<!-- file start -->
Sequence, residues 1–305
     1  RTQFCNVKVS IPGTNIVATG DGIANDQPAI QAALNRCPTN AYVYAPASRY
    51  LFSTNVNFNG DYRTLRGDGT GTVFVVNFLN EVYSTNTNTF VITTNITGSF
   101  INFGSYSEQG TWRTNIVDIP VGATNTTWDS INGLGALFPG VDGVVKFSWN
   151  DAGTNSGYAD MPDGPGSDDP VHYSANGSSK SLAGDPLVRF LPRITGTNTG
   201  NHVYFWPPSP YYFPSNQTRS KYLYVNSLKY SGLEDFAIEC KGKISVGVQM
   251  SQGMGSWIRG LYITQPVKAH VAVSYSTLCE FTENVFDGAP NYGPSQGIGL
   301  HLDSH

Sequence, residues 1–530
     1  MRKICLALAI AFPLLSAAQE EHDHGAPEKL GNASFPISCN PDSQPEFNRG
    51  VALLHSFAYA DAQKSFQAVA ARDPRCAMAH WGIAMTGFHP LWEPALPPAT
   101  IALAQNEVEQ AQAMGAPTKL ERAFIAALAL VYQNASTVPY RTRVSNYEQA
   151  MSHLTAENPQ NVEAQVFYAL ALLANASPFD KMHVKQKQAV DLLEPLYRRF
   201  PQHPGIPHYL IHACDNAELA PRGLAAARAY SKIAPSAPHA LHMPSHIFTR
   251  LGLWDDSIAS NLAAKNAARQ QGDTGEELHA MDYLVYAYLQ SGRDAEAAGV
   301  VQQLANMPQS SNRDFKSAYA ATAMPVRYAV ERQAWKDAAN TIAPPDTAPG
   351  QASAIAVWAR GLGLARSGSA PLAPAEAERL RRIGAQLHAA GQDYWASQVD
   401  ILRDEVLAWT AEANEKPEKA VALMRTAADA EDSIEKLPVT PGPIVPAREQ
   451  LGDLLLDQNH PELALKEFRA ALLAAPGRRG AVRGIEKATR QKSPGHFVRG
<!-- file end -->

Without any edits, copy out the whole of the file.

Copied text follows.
Sequence, residues 1–305
     1  RTQFCNVKVS IPGTNIVATG DGIANDQPAI QAALNRCPTN AYVYAPASRY
    51  LFSTNVNFNG DYRTLRGDGT GTVFVVNFLN EVYSTNTNTF VITTNITGSF
   101  INFGSYSEQG TWRTNIVDIP VGATNTTWDS INGLGALFPG VDGVVKFSWN
   151  DAGTNSGYAD MPDGPGSDDP VHYSANGSSK SLAGDPLVRF LPRITGTNTG
   201  NHVYFWPPSP YYFPSNQTRS KYLYVNSLKY SGLEDFAIEC KGKISVGVQM
   251  SQGMGSWIRG LYITQPVKAH VAVSYSTLCE FTENVFDGAP NYGPSQGIGL
   301  HLDSH

Sequence, residues 1–530
     1  MRKICLALAI AFPLLSAAQE EHDHGAPEKL GNASFPISCN PDSQPEFNRG
    51  VALLHSFAYA DAQKSFQAVA ARDPRCAMAH WGIAMTGFHP LWEPALPPAT
   101  IALAQNEVEQ AQAMGAPTKL ERAFIAALAL VYQNASTVPY RTRVSNYEQA
   151  MSHLTAENPQ NVEAQVFYAL ALLANASPFD KMHVKQKQAV DLLEPLYRRF
   201  PQHPGIPHYL IHACDNAELA PRGLAAARAY SKIAPSAPHA LHMPSHIFTR
   251  LGLWDDSIAS NLAAKNAARQ QGDTGEELHA MDYLVYAYLQ SGRDAEAAGV
   301  VQQLANMPQS SNRDFKSAYA ATAMPVRYAV ERQAWKDAAN TIAPPDTAPG
   351  QASAIAVWAR GLGLARSGSA PLAPAEAERL RRIGAQLHAA GQDYWASQVD
   401  ILRDEVLAWT AEANEKPEKA VALMRTAADA EDSIEKLPVT PGPIVPAREQ
   451  LGDLLLDQNH PELALKEFRA ALLAAPGRRG AVRGIEKATR QKSPGHFVRG